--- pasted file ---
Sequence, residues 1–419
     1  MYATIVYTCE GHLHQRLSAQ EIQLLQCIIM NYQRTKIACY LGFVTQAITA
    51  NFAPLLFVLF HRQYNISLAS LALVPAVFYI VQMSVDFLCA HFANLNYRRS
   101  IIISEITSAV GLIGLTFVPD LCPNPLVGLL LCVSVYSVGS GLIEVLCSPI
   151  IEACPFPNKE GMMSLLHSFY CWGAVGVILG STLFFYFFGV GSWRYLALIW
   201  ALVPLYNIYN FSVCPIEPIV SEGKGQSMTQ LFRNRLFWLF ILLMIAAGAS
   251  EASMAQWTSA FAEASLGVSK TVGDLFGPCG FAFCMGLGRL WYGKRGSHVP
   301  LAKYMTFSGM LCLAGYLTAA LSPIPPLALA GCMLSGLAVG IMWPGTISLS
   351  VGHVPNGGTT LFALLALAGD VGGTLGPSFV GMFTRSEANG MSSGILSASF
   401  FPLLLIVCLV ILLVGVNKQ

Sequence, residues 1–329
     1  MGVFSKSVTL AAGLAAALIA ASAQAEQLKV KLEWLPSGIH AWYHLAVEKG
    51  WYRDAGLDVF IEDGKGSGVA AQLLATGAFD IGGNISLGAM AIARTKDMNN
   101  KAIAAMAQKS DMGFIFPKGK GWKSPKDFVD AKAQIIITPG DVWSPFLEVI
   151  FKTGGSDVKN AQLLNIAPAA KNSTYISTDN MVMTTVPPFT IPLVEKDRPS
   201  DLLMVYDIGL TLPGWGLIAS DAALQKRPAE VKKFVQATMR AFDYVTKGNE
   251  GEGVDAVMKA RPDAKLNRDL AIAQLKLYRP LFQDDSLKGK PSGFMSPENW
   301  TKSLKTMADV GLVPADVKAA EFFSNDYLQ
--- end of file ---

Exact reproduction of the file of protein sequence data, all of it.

Sequence, residues 1–419
     1  MYATIVYTCE GHLHQRLSAQ EIQLLQCIIM NYQRTKIACY LGFVTQAITA
    51  NFAPLLFVLF HRQYNISLAS LALVPAVFYI VQMSVDFLCA HFANLNYRRS
   101  IIISEITSAV GLIGLTFVPD LCPNPLVGLL LCVSVYSVGS GLIEVLCSPI
   151  IEACPFPNKE GMMSLLHSFY CWGAVGVILG STLFFYFFGV GSWRYLALIW
   201  ALVPLYNIYN FSVCPIEPIV SEGKGQSMTQ LFRNRLFWLF ILLMIAAGAS
   251  EASMAQWTSA FAEASLGVSK TVGDLFGPCG FAFCMGLGRL WYGKRGSHVP
   301  LAKYMTFSGM LCLAGYLTAA LSPIPPLALA GCMLSGLAVG IMWPGTISLS
   351  VGHVPNGGTT LFALLALAGD VGGTLGPSFV GMFTRSEANG MSSGILSASF
   401  FPLLLIVCLV ILLVGVNKQ

Sequence, residues 1–329
     1  MGVFSKSVTL AAGLAAALIA ASAQAEQLKV KLEWLPSGIH AWYHLAVEKG
    51  WYRDAGLDVF IEDGKGSGVA AQLLATGAFD IGGNISLGAM AIARTKDMNN
   101  KAIAAMAQKS DMGFIFPKGK GWKSPKDFVD AKAQIIITPG DVWSPFLEVI
   151  FKTGGSDVKN AQLLNIAPAA KNSTYISTDN MVMTTVPPFT IPLVEKDRPS
   201  DLLMVYDIGL TLPGWGLIAS DAALQKRPAE VKKFVQATMR AFDYVTKGNE
   251  GEGVDAVMKA RPDAKLNRDL AIAQLKLYRP LFQDDSLKGK PSGFMSPENW
   301  TKSLKTMADV GLVPADVKAA EFFSNDYLQ